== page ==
Oyama Botha, or “Yammie”, is a digital content producer and strategist. She focuses on body positivity, fashion, travel, and lifestyle. Her work extends to her business, Yammie Hearts and Curves, which focuses on products and services that enhance holistic self-esteem. She also owns All Bodies are Beautiful Meet Up, which is an annual meet-up that inspires everyone (especially women) to celebrate themselves through #RadicalSelfLove.
In episode #7 of the Future Females Show, hosted by Media Personality & Transformational Coach, Susana Kennedy, and Co-Founder & CEO of Future Females, Lauren Dallas, Oyama shares her tips on how to practice radical self-love.
Oyama, please introduce yourself. How did you get to where you are today?
When people say “introduce yourself”, I always struggle because if you’re a multifaceted woman, where do you begin? Do I begin with the fact that I’m a UCT and Oxford graduate, do I begin with the fact that I create platforms to empower people, or do I go with the fact that I’m really an amazing person full of life who loves connecting with people? 😉
You are the CEO of body positivity… What does that mean?
I’ve always embodied the essence of body positivity in the sense that there was never the term “body positivity” when I even began to think about doing work that has to do with body positivity. So I always talk about how the term found me because I’ve always embodied the person that I am in the sense that I live to be the fullest version of myself – be it academic, be it social, be it where I want to better myself. Being a fully-sized, body-plus-sized woman in the context of what’s been happening in society, obviously comes with challenges and it’s always been that way. I remember going back to my second year in varsity, one girl from high school said she thought I should start a blog because there’s always been a light about me. I always believe that I’m a model after one person asked me if I’m a model. I didn’t know a model could look like me and I was like, “Hell yeah, I’m a model!” I started telling people that I am a model and I decided that I’m going to start that blog – and that’s how Yammie Hearts and Curves came about. When I thought about a name, I thought about Yammie because people and friends generally call me Yammie (I think it’s quite evident why 😉). It started out as a blog and I wanted to write about the experiences of just being a curvy girl and being accepting of the fact that we’re all different and all bodies are beautiful.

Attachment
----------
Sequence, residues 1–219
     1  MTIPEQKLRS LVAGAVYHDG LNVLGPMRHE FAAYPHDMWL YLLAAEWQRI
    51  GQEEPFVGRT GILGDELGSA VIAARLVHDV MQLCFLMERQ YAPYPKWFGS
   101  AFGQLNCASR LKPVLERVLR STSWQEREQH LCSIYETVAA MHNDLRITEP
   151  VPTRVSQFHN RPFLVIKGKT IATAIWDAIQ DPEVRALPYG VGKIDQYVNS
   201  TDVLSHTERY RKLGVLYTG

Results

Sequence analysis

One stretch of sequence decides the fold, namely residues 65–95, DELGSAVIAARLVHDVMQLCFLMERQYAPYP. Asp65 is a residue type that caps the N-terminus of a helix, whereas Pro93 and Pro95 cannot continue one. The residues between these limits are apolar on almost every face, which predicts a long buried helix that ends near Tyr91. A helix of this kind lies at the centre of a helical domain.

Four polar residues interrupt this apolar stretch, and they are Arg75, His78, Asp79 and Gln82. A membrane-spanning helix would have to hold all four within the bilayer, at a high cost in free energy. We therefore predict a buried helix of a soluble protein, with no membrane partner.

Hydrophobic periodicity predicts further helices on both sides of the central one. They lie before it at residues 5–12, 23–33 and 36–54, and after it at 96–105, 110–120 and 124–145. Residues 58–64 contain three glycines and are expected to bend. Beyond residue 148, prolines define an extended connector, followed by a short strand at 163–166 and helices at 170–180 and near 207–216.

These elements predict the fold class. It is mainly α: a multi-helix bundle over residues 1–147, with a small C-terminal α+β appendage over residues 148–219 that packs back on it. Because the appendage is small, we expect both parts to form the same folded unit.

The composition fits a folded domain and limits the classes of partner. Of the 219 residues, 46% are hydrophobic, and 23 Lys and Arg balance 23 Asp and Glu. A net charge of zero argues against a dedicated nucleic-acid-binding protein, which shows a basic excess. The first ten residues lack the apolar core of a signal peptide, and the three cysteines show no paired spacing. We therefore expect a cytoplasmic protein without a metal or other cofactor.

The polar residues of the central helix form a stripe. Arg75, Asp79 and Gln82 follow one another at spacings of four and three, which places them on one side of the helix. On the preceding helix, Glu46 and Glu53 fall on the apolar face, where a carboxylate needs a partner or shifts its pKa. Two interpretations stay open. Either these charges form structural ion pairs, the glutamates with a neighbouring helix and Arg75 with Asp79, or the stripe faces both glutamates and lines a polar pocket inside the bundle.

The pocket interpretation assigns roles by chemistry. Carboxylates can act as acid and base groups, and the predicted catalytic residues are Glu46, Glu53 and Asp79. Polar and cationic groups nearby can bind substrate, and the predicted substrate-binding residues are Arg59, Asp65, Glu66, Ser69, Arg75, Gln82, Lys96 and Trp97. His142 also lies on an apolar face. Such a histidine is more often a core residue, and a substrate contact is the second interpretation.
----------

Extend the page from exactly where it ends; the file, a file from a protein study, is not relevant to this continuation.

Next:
Where did you learn to take up space?
When I say this is literally who I am, I really mean it. For example, when Instagram started I wasn’t thinking about what content to create, I was literally just being myself and showing a bit of my personality. What was so inspiring to me was the day when I realised there are people, specifically women, who are looking up to me and loving how I’m being my true self, literally oozing and being authentic. It changed my life. Imagine just being able to live your true self online and then somebody can take something positive from that. I started realising it’s serious and that I’m impacting people’s lives, but I was never concerned about the future prospects of that because I knew I was being myself all along and people were being inspired by that. It’s honestly such an honour!